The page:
In 1901, Karl Landsteiner, a Viennese physician, discovered that humans had four different blood types (or blood groups) called A, B, AB and O. For the next 100 years, nobody knew why humans have these four different types. However, researchers in England recently dug up the bodies of people who had died from the 1665 London plague, and made the startling discovery that most of the people who died had type B blood, showing that far fewer people had type B blood than before the plague. Scientist now have to explain why people with type B blood were more likely to die from plaque. We know that the plague was caused by infection with a bacteria called Yersinia pestis that came from bites by fleas that had picked up the germ by first biting infected rats.
When a germ gets into your system, you make a protein called an antibody that attaches to it and kills it. Your body is not supposed to ever make antibodies against itself. Your immunity recognizes a germ by the sugar surfaces on cell membranes. Type B surface membrane on red cells is the same as the surface membrane of certain bacteria. Yersinia pestis is a bacteria that you can still get today from bites from infected fleas. So, if you are type B, you cannot make antibodies against type B surface of cells, because you would attack yourself and destroy all your red blood cells. So, when yersinia gets into your bloodstream, your immunity does not kill it, so it causes horrible blisters and swollen lymph nodes and you can go into shock and die. 12,000 citizens of London died from yersinia in one week in 1665.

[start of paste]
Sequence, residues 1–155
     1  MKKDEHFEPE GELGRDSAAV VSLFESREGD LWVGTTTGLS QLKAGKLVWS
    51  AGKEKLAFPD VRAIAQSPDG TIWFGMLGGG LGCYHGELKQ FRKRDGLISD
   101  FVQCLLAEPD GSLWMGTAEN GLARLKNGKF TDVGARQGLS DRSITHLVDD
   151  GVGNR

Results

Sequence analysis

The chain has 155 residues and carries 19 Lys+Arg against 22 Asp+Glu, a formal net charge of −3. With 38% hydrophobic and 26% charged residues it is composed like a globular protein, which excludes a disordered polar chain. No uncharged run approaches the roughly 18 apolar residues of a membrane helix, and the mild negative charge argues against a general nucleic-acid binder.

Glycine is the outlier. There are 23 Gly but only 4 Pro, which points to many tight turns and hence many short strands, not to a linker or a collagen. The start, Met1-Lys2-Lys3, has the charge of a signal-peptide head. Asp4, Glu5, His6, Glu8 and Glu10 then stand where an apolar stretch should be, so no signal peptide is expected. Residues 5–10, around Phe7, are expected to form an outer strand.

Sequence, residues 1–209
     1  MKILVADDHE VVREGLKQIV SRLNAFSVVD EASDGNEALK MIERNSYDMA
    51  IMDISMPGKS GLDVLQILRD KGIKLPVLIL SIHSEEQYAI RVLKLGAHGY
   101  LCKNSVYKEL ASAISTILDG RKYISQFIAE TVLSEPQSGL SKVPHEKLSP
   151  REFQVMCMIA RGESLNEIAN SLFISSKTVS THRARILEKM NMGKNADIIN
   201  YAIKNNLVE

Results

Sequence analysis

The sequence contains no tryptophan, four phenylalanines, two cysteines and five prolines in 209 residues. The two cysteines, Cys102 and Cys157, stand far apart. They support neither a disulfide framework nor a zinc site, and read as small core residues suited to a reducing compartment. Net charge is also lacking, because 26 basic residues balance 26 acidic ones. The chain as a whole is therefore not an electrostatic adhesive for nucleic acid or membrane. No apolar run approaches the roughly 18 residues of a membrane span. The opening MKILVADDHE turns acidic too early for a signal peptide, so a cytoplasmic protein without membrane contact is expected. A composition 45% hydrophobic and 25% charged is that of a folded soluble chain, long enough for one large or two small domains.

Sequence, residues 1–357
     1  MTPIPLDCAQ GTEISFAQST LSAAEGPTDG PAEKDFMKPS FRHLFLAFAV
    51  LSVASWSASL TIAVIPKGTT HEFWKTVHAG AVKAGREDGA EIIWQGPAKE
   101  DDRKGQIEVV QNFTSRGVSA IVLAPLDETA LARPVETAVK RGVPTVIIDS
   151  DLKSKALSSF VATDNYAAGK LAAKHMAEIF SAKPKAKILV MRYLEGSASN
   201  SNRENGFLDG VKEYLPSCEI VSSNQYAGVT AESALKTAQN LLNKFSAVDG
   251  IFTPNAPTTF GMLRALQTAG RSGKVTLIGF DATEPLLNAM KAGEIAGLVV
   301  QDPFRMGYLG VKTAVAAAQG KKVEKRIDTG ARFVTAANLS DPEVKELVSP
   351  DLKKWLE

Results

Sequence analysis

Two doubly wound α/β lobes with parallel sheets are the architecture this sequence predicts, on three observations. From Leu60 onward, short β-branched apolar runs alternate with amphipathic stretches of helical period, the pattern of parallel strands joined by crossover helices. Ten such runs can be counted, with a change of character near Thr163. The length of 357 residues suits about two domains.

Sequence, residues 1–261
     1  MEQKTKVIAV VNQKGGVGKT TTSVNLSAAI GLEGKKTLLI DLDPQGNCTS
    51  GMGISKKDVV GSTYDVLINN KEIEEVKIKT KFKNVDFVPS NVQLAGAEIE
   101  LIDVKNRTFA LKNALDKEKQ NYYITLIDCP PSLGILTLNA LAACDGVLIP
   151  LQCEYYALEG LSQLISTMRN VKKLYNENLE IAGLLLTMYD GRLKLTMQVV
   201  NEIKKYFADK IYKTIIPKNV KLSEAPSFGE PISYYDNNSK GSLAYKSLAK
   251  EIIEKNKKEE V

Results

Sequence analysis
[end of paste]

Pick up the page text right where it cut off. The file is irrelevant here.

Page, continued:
Don’t think that you are safe just because you do not have type B blood and, therefore, are not likely to die from an intestinal bacteria such as Yersinia. People in blood group A are at much higher risk for heart attacks than those in other groups because their blood is far more likely to clot. They have higher blood levels of factor VIII, which helps blood clot, and clots are the terminal factor that blocks arteries to cause a heart attack.
Your red blood cells may have another surface protein called Lewis blood type. People with the Lewis blood type are at extremely high risk for stomach ulcers. The Lewis blood type is the surface protein on Helicobacter pylori, which causes more than 90 percent of stomach and intestinal ulcers. If you have the Lewis surface protein on your red blood cells, you cannot make antibodies against the Lewis surface protein. Helicobacter has the same surface protein as the Lewis red cell type. So Helicobacter punches holes in your stomach, while your immune system stands by and does nothing, because Helicobacter bacteria look just like your own cells with the Lewis surface to your immune system.